Remembering the great John Lewis


Photo Courtesy of Freedom Park Conservancy

John Lewis worked tirelessly to make the world a better place for all, and his actions will inspire generations to come. “Congressman Lewis sowed seeds of hope and equity. His life’s work was an undaunted fight for civil and human rights — without prejudice or exception. The National Center for Civil and Human Rights is honored to join this partnership to celebrate John L. Lewis’s legacy and to serve as a tangible reminder of the beauty that can grow from a commitment to stay in good trouble,” head of programs and exhibitions for the National Center for Civil and Human Rights, Dr. Kalinda Lee said.

Chancelor Gordon, Reporter

The Freedom Park Conservancy, Trees Atlanta, and the National Center for Human and Civil Rights joined together to construct a tree tribute, the Flowering Forest, to John Lewis in Atlanta at Freedom Park. As a project that will span several years with the addition of supplemental trees in the future, the first stages of initial planting began February 19-21. Scheduled to conclude on the late John Lewis’s 81st birthday, the tribute honors his life and legacy.

Lewis played a significant role in the civil rights movement as one of the foremost leaders. Leading the march in Selma, Alabama in an attempt to register numerous Black voters along with holding the position of chairman for the Student Nonviolent Coordinating Committee (SNCC) represent two of the several ways that Lewis contributed to changing history. He also participated in sit-ins and Freedom Rides, protesting the segregation of lunch counters and buses. In the process, Lewis suffered multiple severe beatings and frequent harassment. 

His efforts contributed to the passage of the Voting Rights Act which banned literacy tests, called for government regulation of elections, and investigated the use of poll taxes as an attempt to remove the barriers to voting that faced African Americans. The culmination of his work throughout the years resulted in Lewis gaining the title of one of the “Big Six” leaders of the civil rights movement.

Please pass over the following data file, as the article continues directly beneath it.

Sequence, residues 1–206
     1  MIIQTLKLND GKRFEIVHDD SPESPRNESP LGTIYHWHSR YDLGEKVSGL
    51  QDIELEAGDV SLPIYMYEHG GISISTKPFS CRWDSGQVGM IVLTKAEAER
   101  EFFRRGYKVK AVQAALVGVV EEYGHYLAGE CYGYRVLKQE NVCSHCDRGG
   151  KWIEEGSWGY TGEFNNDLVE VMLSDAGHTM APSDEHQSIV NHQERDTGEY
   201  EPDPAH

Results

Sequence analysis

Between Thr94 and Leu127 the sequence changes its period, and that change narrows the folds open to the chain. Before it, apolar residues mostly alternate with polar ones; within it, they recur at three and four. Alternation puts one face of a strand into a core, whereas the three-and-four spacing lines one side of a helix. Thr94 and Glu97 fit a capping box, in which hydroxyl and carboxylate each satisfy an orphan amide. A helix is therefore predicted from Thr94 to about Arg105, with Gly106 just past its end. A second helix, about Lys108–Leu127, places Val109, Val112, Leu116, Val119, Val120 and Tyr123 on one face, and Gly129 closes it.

Lewis went on to continue promoting change as a leader of the federal volunteer agency ACTION, which includes programs like the Peace Corps, and as a congressman of the House of Representatives. Throughout his lifetime, Lewis received countless awards: the Martin Luther King Jr. Nonviolent Peace Prize, the Presidential Medal of Freedom, and the John F. Kennedy Profile in Courage Award to name a couple.

An inspiration to people all over the world, Lewis impacted an infinite amount of lives throughout his lifetime and through his good works. A testament to this, volunteers of all races, ethnicities, ages, and genders gathered in Freedom Park to help plant the trees composing the tribute. Trees Atlanta required volunteers to register in advance to maintain safe numbers along with requiring volunteers to wear face masks. 

The tree tribute consists of hundreds of blooming plants, trees, shrubs, and daffodils, including an arrangement in the image of John Lewis. Over the next five years, the Freedom Park Conservancy will plant hundreds of blooming trees along John Lewis Freedom Parkway to expand the Flowering Forest. All containing early blooming dates in late winter, the plants should bloom every year around Lewis’s birthday to commemorate his life. Born February 21, 1940, he passed away July 17, 2020 in Atlanta, Georgia from Stage 4 pancreatic cancer. 

“John Lewis is a wonderful example of a great fighter for civil justice and equality! I think he is deserving of a tribute because of all the changes he has brought towards equality and how much he was able to persevere in order to create a better future,” Magnet junior Serena Xu said.